BBC4 presenters including Lucy Worsley, Waldemar Januszczak and Dr James Fox have taken to social media amidst widespread rumours that the culture channel could stop broadcasting on television by the end of the year.
The presenters are rallying to save the arts and culture channel which is said to be facing closure as the corporation looks to invest in more youth programming and find ways to reduce its costs.
The BBC is facing a £125m gap in its finances as the COVID-19 pandemic forced the corporation to delay a move to end free licences for UK residents over 75.
It is thought that BBC4 could be a target for closure as its arts and history content plays to a niche audience. However, the channel has also made foreign-language drama accessible to millions of viewers and has spawned the hit comedy The Thick of It, which satirises the inner workings of British government.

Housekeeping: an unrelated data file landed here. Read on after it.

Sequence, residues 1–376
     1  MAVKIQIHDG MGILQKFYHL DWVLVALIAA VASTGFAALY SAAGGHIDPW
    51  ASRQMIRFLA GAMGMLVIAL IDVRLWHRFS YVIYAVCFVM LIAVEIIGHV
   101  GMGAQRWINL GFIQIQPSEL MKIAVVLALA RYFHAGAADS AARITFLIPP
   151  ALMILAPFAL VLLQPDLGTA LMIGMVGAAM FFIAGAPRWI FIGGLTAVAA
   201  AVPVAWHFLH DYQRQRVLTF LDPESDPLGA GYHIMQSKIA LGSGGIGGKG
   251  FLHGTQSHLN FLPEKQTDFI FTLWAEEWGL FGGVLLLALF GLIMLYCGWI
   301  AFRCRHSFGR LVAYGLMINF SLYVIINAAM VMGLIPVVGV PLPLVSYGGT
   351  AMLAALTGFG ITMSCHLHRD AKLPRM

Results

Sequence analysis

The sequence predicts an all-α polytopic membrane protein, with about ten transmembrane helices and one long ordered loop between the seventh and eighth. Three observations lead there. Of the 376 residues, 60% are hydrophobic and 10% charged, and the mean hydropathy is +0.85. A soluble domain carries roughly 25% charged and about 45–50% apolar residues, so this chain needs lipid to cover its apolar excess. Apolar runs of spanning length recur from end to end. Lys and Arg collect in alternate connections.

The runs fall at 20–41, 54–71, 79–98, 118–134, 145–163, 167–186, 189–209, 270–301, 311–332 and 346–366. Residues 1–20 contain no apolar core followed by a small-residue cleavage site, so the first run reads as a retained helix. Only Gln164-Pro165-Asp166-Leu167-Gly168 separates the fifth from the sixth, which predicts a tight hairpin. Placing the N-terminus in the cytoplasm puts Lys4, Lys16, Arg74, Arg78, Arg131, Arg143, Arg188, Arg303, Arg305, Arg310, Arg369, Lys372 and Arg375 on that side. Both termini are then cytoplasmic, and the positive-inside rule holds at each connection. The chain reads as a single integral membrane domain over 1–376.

Oxford historian Dr Janina Ramirez has joined forces with her fellow presenters and has urged BBC4 viewers to rally around the channel. Dr Ramirez called it “the most amazing channel, unlike any other.”
BBC4, which currently has an annual budget of £44 million, attracts a smaller audience of mostly older viewers to its programming schedule. The broadcaster has made it clear that one of its key objectives is to pursue younger audiences, who are increasingly moving away from the BBC in favour of its rivals such as Netflix, Amazon Prime and Apple TV.
Speculation was stepped up earlier this month at the announcement that Cassian Harrison, BBC4’s long-serving controller, will be placed on a nine-month attachment to BBC Studios, the corporation’s commercial arm.
The fate of BBC4’s future could be confirmed by a new BBC Director-General, with Tony Hall’s replacement set to be announced in June.